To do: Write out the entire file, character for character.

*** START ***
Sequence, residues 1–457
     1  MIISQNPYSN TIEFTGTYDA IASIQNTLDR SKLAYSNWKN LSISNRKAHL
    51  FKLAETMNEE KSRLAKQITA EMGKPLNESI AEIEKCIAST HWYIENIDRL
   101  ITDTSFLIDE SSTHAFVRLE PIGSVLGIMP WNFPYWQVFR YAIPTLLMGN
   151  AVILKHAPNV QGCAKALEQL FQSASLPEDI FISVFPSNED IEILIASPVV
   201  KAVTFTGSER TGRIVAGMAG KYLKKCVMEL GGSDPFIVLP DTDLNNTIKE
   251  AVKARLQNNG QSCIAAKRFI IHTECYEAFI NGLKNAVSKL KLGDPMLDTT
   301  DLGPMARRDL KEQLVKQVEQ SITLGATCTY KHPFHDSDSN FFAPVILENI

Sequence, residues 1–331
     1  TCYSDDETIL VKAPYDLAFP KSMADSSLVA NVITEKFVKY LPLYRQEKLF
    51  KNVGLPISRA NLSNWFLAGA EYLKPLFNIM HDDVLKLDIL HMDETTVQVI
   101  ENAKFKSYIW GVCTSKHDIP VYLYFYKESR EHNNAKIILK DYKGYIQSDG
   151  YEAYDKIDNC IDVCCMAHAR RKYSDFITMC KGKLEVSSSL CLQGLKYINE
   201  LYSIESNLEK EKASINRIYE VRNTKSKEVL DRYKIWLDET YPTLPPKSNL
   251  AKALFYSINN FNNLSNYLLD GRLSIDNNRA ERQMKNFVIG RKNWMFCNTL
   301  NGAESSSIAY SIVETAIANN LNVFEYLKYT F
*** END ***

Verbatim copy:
Sequence, residues 1–457
     1  MIISQNPYSN TIEFTGTYDA IASIQNTLDR SKLAYSNWKN LSISNRKAHL
    51  FKLAETMNEE KSRLAKQITA EMGKPLNESI AEIEKCIAST HWYIENIDRL
   101  ITDTSFLIDE SSTHAFVRLE PIGSVLGIMP WNFPYWQVFR YAIPTLLMGN
   151  AVILKHAPNV QGCAKALEQL FQSASLPEDI FISVFPSNED IEILIASPVV
   201  KAVTFTGSER TGRIVAGMAG KYLKKCVMEL GGSDPFIVLP DTDLNNTIKE
   251  AVKARLQNNG QSCIAAKRFI IHTECYEAFI NGLKNAVSKL KLGDPMLDTT
   301  DLGPMARRDL KEQLVKQVEQ SITLGATCTY KHPFHDSDSN FFAPVILENI

Sequence, residues 1–331
     1  TCYSDDETIL VKAPYDLAFP KSMADSSLVA NVITEKFVKY LPLYRQEKLF
    51  KNVGLPISRA NLSNWFLAGA EYLKPLFNIM HDDVLKLDIL HMDETTVQVI
   101  ENAKFKSYIW GVCTSKHDIP VYLYFYKESR EHNNAKIILK DYKGYIQSDG
   151  YEAYDKIDNC IDVCCMAHAR RKYSDFITMC KGKLEVSSSL CLQGLKYINE
   201  LYSIESNLEK EKASINRIYE VRNTKSKEVL DRYKIWLDET YPTLPPKSNL
   251  AKALFYSINN FNNLSNYLLD GRLSIDNNRA ERQMKNFVIG RKNWMFCNTL
   301  NGAESSSIAY SIVETAIANN LNVFEYLKYT F